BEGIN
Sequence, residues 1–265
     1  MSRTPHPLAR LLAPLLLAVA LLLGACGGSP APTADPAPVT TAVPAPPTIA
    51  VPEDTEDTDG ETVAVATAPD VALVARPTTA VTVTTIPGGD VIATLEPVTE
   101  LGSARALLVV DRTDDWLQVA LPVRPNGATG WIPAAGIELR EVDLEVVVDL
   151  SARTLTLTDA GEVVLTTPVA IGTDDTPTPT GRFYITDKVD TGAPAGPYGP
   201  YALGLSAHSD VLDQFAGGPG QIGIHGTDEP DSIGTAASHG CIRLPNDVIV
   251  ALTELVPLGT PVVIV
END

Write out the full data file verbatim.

Sequence, residues 1–265
     1  MSRTPHPLAR LLAPLLLAVA LLLGACGGSP APTADPAPVT TAVPAPPTIA
    51  VPEDTEDTDG ETVAVATAPD VALVARPTTA VTVTTIPGGD VIATLEPVTE
   101  LGSARALLVV DRTDDWLQVA LPVRPNGATG WIPAAGIELR EVDLEVVVDL
   151  SARTLTLTDA GEVVLTTPVA IGTDDTPTPT GRFYITDKVD TGAPAGPYGP
   201  YALGLSAHSD VLDQFAGGPG QIGIHGTDEP DSIGTAASHG CIRLPNDVIV
   251  ALTELVPLGT PVVIV